Knocked Loose wasted no time establishing themselves as a force to be reckoned with in the hardcore scene, with their EP Pop Culture and their debut album Laugh Tracks both boasting monumental weight and lasting impact. The outfit has earned its place among the ranks of hardcore innovators and has earned a reputation for live shows that command immense amounts of energy. Their most recent effort, A Different Shade of Blue, incorporates the uncompromising heft of their other work while also adding more melodic and cerebral elements, a new take on their sound that I’ve been enjoying since the release of their lead single “Mistakes Like Fractures.”
The entire album is crushingly heavy from start to finish, maintaining a steady flow of chuggy, head-moving riffs, but it plays with creative and unconventional songwriting at several points throughout the runtime. The whole album feels raw, in a way. The production doesn’t hide vocalist Brian Garris’ breaths, somehow compounding the fury with which he delivers his unique and screeching vocals. Sitting down and listening to this LP feels like watching a live set. Near the conclusion of the album, the track “…And Still I Wander South” manages to combine melody and weight in a way I’ve never quite heard before, creating an astonishing experience and an excellent platform for the two songs that follow it to close the album. This point, along with other landmark tracks in the album (“By the Grave” and “In the Walls”), create a must-listen-to opportunity for fans of bands like Jesus Piece, Code Orange, Varials, or any other members of the most recent wave of hardcore bands. The pressing of the album itself is high quality; I didn’t notice any flaws in the playback and the album played smoothly. This album sits well in my collection (still limited to one milk crate at this point) and I thoroughly enjoyed my time with it.
After the release of Conjurer’s debut album, Mire, in 2018, I have been anxiously awaiting any new material that the band might release. This new music came in the form of a collaboration with a band called Pijn, whom I had never heard of before. The album in question is amusingly titled Curse These Metal Hands. The project was specially commissioned for the annual British hard rock Arctangent Festival and consists of an original live suite performed for the festival. I gave this record a spin knowing nothing about it apart from the fact that Conjurer’s name was on it. For those who are unfamiliar, Conjurer blends elements of Neurosis-esque post-metal with deep, dense riffs and dual vocals.
This suite blew me away. It is distinctly heavy and is intended for the metal listener, but it plays like a metalhead’s version of Holst’s Fantasia on the Dargason at points. There are copious amounts of melody and the structures weave together effortlessly, and it manages to incorporate elements of classical music with Conjurer’s brand of post-metal. It does seem reminiscent of Baroness, in a way, but a bit more weighty. During the four songs, there are so many layers that fall forth from the bright orange-colored vinyl, too many to dissect. It is a must-listen.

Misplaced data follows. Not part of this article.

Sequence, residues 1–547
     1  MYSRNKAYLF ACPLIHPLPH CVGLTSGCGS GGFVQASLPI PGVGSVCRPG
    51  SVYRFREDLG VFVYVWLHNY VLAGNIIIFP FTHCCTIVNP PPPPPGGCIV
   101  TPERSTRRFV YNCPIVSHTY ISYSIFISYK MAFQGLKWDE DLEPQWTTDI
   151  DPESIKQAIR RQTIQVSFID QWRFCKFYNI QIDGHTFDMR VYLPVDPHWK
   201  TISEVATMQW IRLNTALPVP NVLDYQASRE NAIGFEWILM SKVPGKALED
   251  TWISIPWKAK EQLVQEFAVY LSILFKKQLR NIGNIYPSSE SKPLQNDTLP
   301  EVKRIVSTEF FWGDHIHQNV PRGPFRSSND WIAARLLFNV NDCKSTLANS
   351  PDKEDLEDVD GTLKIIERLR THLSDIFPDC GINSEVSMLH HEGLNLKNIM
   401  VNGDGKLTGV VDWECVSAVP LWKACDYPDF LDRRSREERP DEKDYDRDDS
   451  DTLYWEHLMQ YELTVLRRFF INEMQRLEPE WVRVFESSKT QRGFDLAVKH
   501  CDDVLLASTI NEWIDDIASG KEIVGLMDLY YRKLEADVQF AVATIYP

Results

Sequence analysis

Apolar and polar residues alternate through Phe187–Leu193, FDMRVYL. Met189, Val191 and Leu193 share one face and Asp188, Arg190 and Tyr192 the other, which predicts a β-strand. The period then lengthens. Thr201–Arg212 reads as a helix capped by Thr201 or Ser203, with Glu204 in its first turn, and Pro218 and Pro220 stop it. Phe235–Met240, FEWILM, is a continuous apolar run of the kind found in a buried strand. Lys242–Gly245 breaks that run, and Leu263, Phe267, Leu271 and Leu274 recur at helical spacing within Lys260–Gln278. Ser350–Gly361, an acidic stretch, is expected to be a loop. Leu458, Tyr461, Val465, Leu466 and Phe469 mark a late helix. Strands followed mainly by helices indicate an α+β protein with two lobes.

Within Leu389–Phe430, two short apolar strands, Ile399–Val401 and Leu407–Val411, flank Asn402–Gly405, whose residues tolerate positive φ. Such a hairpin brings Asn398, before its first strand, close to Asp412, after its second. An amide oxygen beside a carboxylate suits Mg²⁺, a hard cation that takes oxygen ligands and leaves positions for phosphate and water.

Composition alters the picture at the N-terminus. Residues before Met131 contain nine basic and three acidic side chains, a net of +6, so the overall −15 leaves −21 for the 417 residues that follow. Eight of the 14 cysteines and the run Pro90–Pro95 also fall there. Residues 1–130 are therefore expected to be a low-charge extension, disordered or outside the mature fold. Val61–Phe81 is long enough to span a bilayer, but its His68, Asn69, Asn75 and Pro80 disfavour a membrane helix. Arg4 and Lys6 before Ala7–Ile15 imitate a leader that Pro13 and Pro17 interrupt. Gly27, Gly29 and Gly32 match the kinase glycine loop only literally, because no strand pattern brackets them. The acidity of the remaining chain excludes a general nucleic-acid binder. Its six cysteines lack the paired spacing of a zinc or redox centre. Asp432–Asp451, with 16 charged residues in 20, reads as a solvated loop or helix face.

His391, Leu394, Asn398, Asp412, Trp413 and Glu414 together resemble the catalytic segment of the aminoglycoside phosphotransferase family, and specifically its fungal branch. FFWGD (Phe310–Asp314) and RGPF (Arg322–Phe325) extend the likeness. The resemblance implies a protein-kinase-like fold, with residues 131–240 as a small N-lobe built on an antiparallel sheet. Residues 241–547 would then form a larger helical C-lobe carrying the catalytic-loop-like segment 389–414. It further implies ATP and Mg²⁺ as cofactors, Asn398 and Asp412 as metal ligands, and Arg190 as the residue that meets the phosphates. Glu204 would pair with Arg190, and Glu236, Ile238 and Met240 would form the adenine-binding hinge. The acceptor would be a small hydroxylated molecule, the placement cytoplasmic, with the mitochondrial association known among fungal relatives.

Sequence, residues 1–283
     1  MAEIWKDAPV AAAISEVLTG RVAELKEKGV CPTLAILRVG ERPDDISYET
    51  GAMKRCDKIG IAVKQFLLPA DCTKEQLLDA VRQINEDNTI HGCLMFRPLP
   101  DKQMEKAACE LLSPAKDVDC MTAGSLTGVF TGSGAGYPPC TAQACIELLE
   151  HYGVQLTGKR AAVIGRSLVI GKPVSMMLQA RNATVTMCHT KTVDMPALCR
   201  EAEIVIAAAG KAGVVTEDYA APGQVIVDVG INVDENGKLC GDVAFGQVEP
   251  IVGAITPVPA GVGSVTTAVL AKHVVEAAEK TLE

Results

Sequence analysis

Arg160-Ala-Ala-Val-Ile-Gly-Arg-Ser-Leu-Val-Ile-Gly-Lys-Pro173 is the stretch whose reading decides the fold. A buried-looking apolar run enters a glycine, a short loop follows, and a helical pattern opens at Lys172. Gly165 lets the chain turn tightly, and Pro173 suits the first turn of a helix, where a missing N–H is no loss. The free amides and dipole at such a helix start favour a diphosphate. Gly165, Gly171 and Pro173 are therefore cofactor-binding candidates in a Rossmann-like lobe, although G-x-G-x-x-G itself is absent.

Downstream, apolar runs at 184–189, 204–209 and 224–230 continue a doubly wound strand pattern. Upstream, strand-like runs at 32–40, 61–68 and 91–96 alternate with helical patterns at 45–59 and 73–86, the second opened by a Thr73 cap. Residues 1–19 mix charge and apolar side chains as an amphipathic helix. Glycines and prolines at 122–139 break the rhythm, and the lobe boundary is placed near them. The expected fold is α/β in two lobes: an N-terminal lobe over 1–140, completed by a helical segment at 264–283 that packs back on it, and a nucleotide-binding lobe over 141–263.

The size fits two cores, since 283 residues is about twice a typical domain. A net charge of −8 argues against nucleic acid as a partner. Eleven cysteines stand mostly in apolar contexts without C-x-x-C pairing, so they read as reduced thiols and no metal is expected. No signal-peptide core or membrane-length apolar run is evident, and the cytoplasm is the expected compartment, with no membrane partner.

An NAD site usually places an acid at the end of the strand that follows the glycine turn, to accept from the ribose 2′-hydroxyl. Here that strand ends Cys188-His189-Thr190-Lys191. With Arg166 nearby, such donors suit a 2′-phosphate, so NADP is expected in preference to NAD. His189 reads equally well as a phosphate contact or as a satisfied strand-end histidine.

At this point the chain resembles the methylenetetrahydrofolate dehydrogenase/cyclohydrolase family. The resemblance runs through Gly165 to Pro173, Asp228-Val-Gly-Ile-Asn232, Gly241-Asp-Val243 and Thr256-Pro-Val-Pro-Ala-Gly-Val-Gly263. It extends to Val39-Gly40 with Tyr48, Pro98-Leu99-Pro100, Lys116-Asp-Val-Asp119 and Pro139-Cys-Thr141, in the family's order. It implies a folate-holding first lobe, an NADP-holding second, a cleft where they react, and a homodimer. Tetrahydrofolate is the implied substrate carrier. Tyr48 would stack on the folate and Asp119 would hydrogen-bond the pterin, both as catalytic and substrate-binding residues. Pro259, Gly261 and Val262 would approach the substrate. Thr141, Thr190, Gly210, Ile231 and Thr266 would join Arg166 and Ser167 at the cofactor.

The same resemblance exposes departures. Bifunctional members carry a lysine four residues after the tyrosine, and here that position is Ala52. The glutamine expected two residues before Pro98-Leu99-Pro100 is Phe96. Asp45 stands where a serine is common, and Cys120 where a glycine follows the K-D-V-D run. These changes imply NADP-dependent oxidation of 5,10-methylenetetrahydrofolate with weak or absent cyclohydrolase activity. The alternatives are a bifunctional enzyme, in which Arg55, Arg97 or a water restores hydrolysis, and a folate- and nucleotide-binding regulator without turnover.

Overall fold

I do, however, have to remark that my copy of this vinyl was damaged in shipping. There is a visible warp in the record and the packaging was slightly mangled up. For this reason, I refrain from giving an accounting on the quality of the pressing, but let it suffice to say that the music itself is stunning and worth a purchase on its own.
After the release of SUNN O)))’s album Life Metal, I was surprised that they would release another piece of material so soon. This particular record is, however, a collection of music from the Life Metal sessions that didn’t make the final album. Being that I enjoyed the album so much, I came into Pyroclasts with good expectations.
I wasn’t let down, either. Pyroclasts sounds very close to Life Metal and delivers the same waves of goosebumps that its predecessor did. Steven O’Malley and Greg Anderson continue to deliver the crushing drone that they are known for, tearing away at the ears with deep and low caverns of sound. The listener is transported away from their location, taken out of the moment and whisked away to a foreign frequency, produced by the low, low sub-bass. SUNN O))) can be boring to some, being that it is extreme drone-doom metal, but with repeated listening, it becomes apparent that Anderson and O’Malley aren’t just slowly tuning their guitars. There is a certain level of compositional knowledge within these songs, and they create a beautiful and profound soundscape for the listener. It’s hard to compare SUNN O))) to anything else, they need to be experienced. Preferably at a live show, where it is known that people have left on stretchers due to the sheer volume of the band. As they state on the liner notes of their records, “MAXIMUM VOLUME YIELDS MAXIMUM RESULTS.”
The quality of the vinyl itself is superb, something that SUNN O)))’s own label Southern Lord is known for. The slipcase is beautifully adorned with abstract painting and a gloss finish and is constructed out of hefty, thick cardstock, making it an eye-catching addition to my collection and a joy to listen to.